So by this point, it’s become pretty wide-spread knowledge that the Pope is giving up his seat to retire. A lot of people are making a big deal out of how this hasn’t happened in six hundred years and they aren’t sure how to take this news. There are so many uncertainties surrounding this event. It’s especially worth noting that in the anti-Catholic and anti-deist groups, there’s a lot of vitriol towards the Papacy. And I don’t think it’s deserved in this instance.
As a non-Catholic, I really don’t have much of a horse in this race. And as secularist, I especially don’t ascribe to any metaphysical implications of these events. That being said, I don’t want to denounce the beliefs of others just because I don’t share them. I’m speaking from a purely humanist standpoint, and one who has watched in recent days as the Catholic Church become surrounded by the new of abuses and controversies.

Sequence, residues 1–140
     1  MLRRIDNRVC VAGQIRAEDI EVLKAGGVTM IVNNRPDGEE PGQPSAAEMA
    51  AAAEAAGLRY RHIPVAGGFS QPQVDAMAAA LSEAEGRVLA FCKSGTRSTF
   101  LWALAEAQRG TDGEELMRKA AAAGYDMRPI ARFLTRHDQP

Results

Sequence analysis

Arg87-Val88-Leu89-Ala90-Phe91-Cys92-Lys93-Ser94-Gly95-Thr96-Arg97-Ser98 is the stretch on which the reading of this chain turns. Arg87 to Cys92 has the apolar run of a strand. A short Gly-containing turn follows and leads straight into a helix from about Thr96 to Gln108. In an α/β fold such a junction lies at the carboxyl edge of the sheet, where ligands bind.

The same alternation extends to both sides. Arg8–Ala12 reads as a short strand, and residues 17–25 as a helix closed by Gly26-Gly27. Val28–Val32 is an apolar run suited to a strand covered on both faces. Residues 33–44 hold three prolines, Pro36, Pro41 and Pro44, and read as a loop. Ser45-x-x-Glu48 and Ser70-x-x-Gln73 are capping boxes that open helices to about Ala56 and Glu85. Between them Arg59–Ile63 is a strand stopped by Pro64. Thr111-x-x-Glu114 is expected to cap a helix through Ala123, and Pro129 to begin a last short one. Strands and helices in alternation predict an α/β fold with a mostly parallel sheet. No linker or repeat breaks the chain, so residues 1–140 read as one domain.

And while a right and a wrong don’t cancel each other out, I think it’s worth noting when an organization does something right. Lord Acton said ‘Power Corrupts and Absolute Power Corrupts Absolutely’ and I think most would agree there’s some very real truth to that sentiment. But it isn’t about the Power of the Papacy; it’s about giving up that power.
A common complaint lodged against politicians of most every persuasion – from school board members to tyrannical dictators – is they do not relinquish power (see complaints against the Supreme Court of the United States for prime examples). Once a person has power, they often never give it up. And in the case of such sweeping power as the Papacy, it has never been given up in over six hundred years.
This isn’t a commentary on the policies and practices, actions and dogma, of the Catholic Church. This is simply recognition of a guy doing the nearly-unprecedented: giving up nigh-absolute power.
That’s a really cool thing to see happen.